A link to genealogy of the Hudson family. Also see:
The English East India Company - About the company that commissioned Hudson on his last voyage. Also see www.theeastindiacompany.com/company.html for more information. And check out les.man.ac.uk/IPA/papers/2.html for a Marxist analysis of the bourgeois revolution in the EEIC.
Links to related pages at the Hudson Valley Network site: www.hvnet.com/TOUR/upper/HIST/histtext.htm
An essay on Hudson's "lost leadership":
Two brief histories, but with incorrect
Mariner.org's brief history with map (second voyage is incorrectly indicated) and:
Was Hudson after gold on his final voyage, not a Northwest Passage? See the intriguing article by Carl Schuster from Beaver Magazine: www.historysociety.ca/english/thebeaver/features/aug99/hudson_1.html
A little about Robert Juet, with a map of his comments on the 1609 journey up the Hudson Rover, at American Journeys: www.americanjourneys.org/aj-133/summary/index.asp
A Canadian government site about Hudson: www.collectionscanada.ca/explorers/kids/h3-1420-e.html
The PBS page on Hudson: www.pbs.org/empireofthebay/profiles/hudson.html
The Houghton Mifflin Ships of the World Historical Encyclopedia article on Hudson's ship Discovery:
Julian Hawthorne's 1920 History of the United States has a chapter on Henry Hudson here.
An audio transcript that briefly describes Hudson's last voyage is available on the Atlas of Canada site. Apple's Quicktime player is required.
The History of New York State, online edition has several chapters about Hudson's voyage here and here and here.
Scientific American published an item on Hudson in 1909.
Rivers of America, a 1939 book, had a piece on Hudson.
The American Biography site has an entry about Hudson.
Edward Wright's "new map" (published by Hakluyt in 1599)
Excerpt about Hudson from Our County, a 19th century textbook.
Chapters from How the Dutch Came to Manhattan, by Blanche McManus (1897) are online.
A precis of the text of George
Asher (see below) and John Meredith Read is at
Robert Juet is described as
New York's first weather observer.
Passage Up the Hudson contains parts of Prickett's journal.
Robert Juet is described as New York's first weather observer.
Passage Up the Hudson contains parts of Prickett's journal.
A page from the Stuyvesant Library on Hudson's 1609 voyage (in Dutch).
A history of Dutch Settlement in America (esp. Delaware) 1609-1636 is at Accessible Archives.
The Dictionary of Famous People has an entry about Hudson and many of his contemporaries. including Van Meteren (also at Science Daily).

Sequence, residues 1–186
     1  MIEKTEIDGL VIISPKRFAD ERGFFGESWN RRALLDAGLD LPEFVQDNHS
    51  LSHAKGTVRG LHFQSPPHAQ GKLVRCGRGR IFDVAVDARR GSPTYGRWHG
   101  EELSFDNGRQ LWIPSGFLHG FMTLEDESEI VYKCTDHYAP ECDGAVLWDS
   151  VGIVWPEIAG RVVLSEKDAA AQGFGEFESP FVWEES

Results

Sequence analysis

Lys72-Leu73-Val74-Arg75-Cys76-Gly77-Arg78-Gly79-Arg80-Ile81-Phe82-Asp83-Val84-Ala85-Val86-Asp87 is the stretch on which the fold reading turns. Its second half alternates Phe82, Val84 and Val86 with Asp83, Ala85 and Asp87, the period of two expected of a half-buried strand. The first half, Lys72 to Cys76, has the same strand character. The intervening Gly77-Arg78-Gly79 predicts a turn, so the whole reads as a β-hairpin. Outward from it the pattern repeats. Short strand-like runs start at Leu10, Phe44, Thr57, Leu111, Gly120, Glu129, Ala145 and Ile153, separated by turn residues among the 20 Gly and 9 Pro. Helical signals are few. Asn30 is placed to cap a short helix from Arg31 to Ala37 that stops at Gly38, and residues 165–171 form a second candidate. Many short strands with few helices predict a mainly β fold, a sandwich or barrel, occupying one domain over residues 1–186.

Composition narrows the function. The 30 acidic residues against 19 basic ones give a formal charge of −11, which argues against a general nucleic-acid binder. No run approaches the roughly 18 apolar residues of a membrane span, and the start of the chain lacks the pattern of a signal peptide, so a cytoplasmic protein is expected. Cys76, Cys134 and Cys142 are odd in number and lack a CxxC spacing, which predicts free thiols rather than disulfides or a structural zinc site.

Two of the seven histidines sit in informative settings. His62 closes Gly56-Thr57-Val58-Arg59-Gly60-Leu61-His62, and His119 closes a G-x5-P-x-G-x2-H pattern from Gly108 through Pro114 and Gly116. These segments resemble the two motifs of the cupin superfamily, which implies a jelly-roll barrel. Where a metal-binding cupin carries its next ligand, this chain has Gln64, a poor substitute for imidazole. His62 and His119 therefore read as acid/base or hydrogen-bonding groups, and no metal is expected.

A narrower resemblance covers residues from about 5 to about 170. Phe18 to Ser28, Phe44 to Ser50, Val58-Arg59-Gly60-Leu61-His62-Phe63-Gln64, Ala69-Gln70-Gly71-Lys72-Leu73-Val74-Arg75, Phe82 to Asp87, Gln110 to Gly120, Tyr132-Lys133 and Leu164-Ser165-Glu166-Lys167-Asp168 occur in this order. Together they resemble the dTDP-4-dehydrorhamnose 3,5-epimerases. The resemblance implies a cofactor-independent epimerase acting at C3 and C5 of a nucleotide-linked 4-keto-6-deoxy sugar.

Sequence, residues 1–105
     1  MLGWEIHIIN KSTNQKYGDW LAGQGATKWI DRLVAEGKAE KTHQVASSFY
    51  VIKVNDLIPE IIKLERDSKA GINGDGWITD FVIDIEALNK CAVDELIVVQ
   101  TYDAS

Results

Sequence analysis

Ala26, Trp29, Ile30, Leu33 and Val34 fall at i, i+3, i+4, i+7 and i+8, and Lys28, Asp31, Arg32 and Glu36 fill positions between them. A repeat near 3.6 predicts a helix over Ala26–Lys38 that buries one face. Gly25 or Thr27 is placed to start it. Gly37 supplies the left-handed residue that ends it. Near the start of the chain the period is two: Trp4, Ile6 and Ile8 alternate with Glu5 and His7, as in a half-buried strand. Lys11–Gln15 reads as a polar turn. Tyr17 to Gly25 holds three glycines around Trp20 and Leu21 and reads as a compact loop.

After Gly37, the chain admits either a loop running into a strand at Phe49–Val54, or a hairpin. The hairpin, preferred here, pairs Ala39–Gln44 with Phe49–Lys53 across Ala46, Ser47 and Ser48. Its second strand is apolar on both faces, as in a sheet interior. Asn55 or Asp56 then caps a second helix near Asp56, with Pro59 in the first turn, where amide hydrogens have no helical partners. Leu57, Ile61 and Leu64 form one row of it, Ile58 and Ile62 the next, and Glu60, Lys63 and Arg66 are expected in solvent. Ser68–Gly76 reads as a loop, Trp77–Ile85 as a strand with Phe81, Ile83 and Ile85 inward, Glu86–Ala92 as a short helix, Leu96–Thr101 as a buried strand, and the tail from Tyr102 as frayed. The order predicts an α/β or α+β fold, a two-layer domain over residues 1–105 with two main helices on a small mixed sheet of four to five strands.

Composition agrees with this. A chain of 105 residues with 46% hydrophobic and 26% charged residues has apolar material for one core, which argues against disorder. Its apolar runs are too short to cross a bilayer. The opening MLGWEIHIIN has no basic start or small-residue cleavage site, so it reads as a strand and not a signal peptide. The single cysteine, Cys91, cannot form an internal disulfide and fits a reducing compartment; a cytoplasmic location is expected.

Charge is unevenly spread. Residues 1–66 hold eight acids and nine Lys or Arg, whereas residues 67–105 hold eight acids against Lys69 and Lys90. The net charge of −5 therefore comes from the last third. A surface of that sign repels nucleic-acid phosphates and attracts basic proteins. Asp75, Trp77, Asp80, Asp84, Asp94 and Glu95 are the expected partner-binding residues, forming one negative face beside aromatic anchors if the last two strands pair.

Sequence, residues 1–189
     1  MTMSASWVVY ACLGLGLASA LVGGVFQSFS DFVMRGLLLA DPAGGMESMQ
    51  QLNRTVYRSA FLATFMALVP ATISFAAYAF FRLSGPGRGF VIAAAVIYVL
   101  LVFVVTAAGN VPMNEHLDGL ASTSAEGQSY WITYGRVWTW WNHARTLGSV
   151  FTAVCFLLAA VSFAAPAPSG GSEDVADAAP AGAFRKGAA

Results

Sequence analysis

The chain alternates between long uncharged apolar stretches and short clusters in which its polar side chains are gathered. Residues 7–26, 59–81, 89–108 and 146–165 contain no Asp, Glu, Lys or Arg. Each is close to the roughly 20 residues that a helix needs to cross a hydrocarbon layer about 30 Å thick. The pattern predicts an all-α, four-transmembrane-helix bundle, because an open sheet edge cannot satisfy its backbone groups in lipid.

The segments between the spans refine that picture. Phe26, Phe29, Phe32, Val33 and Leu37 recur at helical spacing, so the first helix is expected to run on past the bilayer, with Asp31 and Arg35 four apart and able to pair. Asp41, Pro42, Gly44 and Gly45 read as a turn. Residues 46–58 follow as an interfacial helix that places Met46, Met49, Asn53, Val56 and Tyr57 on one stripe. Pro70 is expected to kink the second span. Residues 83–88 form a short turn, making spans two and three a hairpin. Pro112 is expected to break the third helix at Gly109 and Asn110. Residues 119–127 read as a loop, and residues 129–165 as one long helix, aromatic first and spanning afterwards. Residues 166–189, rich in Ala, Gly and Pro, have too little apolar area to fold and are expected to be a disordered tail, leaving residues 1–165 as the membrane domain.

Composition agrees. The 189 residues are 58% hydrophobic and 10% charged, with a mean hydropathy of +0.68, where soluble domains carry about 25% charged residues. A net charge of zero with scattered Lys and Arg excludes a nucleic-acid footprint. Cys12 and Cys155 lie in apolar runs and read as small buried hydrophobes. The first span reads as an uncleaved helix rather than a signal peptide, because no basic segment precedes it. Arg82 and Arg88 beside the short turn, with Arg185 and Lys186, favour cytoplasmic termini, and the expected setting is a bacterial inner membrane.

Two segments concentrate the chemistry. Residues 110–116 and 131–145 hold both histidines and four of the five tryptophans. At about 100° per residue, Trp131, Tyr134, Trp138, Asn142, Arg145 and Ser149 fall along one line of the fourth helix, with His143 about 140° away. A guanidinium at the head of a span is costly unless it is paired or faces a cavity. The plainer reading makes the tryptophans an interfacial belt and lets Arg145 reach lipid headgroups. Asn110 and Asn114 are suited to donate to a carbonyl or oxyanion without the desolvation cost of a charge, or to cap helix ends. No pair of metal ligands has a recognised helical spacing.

The Mariners' Museum has a lot of biographies of explorers, including Hudson.
Henry Hudson page at the IMA Hero reading program
Links about related history, Arctic and other exploration and cartography:
Michael Turner's site about 16th century British explorer, Francis Drake is a rich resource for Drake's voyages and discoveries: www.indrakeswake.co.uk
The quest for the fictitious Strait of Anian is described here
Northwest Passage - About the challenges presented by the route to the Orient.
Here's a page about European mapmakers from 1560-1600: www.antiquemaps.co.uk/book/chapter13.html
Atlas of explorers of Canada and North America. A good, zoom-able map of Arctic explorers in Hudson Bay 1610-32 is at the Atlas of Canada
A biography of Hakluyt is here.
The Port of London has several pages on the East India Company
Early Canadiana Online - Has reproduced PDF versions of numerous early works of explorers and geography, including Hakluyt, plus a searchable database of those records at www.canadiana.org/ECO/mtq?language=en.
The Canadian Archives on Haklyut and Purchas: www.collectionscanada.ca/2/8/h8-222-e.html
Brief biography of Samuel Purchas at Bartleby's: www.bartleby.com/214/0503.html and at BC Bookworld: www.abcbookworld.com/?state=view_author&author_id=4161
Also see: odur.let.rug.nl/~usa/E/newnetherlands/nlxx.htm, about the relationship between the United States and the Netherlands. And see: www.ncb.gov.sg/nhb/raffles/VOC.html for the Dutch East India Company.
Dr. John Dee was a visionary, astrologer to Queen Elizabeth and friend to some of the Hudson family.